Four GP surgeries in Swindon run by the same provider have been placed in special measures following CQC inspections.
The practices run by Better Health Partnership, a subsidiary of Integral Medical Holdings (IMH), have to make urgent improvements, according to the CQC. A further practice run by the provider also ‘requires improvement’.
Practices in the town have been struggling since IMH recently withdrew its contract running GP appointments systems after a high number of complaints were filed over technical issues.
The latest practice to be assessed by the CQC was Abbey Meads Village Centre, which was rated ‘inadequate’ by the CQC this week, although the care provided was rated as ‘good’.
Earlier this year, three of the provider’s other practices were also placed in special measures: Moredon Medical Centre, Eldene Surgery and Phoenix Surgery, while Taw Hill Surgery was rated as ‘requires improvement’.
The CQC has said the provider Better Health Partnership has been placed with urgent conditions, relating to all five GP practices, which serve a combined list size of almost 55,000 patients.
According to the report, the reason for Abbey Meads rating was in relation to ‘significant issues’ with patient safety, quality of service, leadership and governance.
Inspectors said the special measures placed upon Abbey Meads Village Centre, which serves almost 18,000 patients, were due to the practice not having clear systems to keep patients safe or manage medicines safely. They also found the practice did not make improvements when things went wrong.
The CQC has said practices placed under special measures will be inspected again in six months’ time, and if there is no improvement, then enforcement procedures will take effect.
The report said: ‘If insufficient improvements have been made such that there remains a rating of inadequate for any population group, key question or overall, we will take action in line with our enforcement procedures to begin the process of preventing the provider from operating the service. This will lead to cancelling their registration or to varying the terms of their registration within six months if they do not improve.’
It follows the news that the CQC has increased the number of criminal actions against medical providers by over 30%
Ruth Rankine, deputy chief inspector of general practice for the South of England, said about Abbey Meads Practice: ‘We will continue to monitor progress and we will inspect again within six months to check whether sufficient improvements have been made. The practice needs to do what is required for the sake of their patients but if we find that the service remains inadequate, we will not hesitate to take further enforcement action even if that leads to cancelling its registration.’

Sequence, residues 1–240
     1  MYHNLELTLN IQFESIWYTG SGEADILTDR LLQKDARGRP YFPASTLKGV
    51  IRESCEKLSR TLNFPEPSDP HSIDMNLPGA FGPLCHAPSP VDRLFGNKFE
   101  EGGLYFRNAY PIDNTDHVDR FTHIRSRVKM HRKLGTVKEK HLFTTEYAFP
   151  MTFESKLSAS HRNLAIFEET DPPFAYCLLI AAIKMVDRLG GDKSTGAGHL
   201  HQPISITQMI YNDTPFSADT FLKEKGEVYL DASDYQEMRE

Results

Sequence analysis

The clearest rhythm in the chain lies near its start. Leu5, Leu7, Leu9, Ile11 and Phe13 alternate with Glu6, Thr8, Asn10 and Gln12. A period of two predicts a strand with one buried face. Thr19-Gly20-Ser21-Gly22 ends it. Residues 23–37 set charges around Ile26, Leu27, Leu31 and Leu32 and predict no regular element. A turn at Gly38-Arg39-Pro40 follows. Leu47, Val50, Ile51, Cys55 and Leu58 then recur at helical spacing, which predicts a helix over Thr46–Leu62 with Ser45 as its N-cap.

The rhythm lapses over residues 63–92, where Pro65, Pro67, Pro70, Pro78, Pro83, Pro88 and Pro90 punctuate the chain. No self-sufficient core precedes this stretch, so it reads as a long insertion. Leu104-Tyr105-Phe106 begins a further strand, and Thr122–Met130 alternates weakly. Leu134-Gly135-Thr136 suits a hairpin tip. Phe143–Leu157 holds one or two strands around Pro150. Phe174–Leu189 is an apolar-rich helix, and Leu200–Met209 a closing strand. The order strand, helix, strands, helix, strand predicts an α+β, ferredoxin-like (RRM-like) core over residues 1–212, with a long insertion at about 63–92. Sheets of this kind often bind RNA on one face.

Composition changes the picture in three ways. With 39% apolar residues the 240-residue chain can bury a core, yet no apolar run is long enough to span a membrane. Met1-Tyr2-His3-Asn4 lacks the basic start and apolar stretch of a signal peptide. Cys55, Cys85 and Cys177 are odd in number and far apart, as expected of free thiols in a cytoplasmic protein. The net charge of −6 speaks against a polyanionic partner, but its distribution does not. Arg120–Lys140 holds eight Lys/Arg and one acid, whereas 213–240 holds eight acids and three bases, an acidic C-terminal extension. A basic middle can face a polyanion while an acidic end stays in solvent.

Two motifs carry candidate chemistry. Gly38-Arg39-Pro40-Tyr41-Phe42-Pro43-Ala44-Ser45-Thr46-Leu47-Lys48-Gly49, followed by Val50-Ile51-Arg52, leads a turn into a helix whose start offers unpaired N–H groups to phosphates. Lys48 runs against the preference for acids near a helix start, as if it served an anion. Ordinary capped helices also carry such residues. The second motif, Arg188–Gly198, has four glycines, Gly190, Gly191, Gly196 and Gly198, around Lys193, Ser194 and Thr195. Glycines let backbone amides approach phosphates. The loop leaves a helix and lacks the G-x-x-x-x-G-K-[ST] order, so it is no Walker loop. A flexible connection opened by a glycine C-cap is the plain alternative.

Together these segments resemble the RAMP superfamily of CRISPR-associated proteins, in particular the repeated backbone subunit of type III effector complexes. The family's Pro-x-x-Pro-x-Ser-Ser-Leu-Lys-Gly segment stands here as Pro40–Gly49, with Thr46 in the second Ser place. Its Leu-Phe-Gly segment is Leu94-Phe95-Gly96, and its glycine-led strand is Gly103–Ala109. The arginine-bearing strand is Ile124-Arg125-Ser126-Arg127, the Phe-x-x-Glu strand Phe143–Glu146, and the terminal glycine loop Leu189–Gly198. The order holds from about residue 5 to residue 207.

Dr Peter Swinyard, a GP at Phoenix surgery, said he agreed with the CQC ratings.
He said: ‘If you look at the ratings, caring is good and all the other things are inadequate, because that is all to do with the administration, which is completely and utterly out of my hands.
‘Yes they don’t answer the phone properly, no they don’t have the fire safety stuff up to date and so on etc. It’s a catalogue of bad management, which has only recently been rectified by a good group manager who’s just started, who’s trying to put it all right.
‘It has been a catalogue of calamity and consecutive bad management. There’s not a lot the doctors working in the surgeries can do about that. It’s very depressing and it’s bad reputation for us. I don’t like being tarred with the brush of inadequate.’
A Better Health Partnership spokesperson said they are deeply disappointed by the CQC rating and have already implemented measures such as a local leadership change and a new complaints system.
They said: ‘The health and wellbeing of the patients at all our medical sites has always been our top priority.
‘We are deeply disappointed by the findings of the CQC report. We sincerely apologise to our patients and colleagues and fully accept the impact our shortcomings may have had on them.
‘A comprehensive review of our procedures is underway,’ a spokesperson from Swindon CCG said.
The CQC’s concerns were ‘shared by the CCG and was ultimately one of the catalysts for the decision to call time on IMH’s involvement with primary care in Swindon.
‘The CCG is now working to identify potential local, NHS-based providers that can support the practices in the long-term.’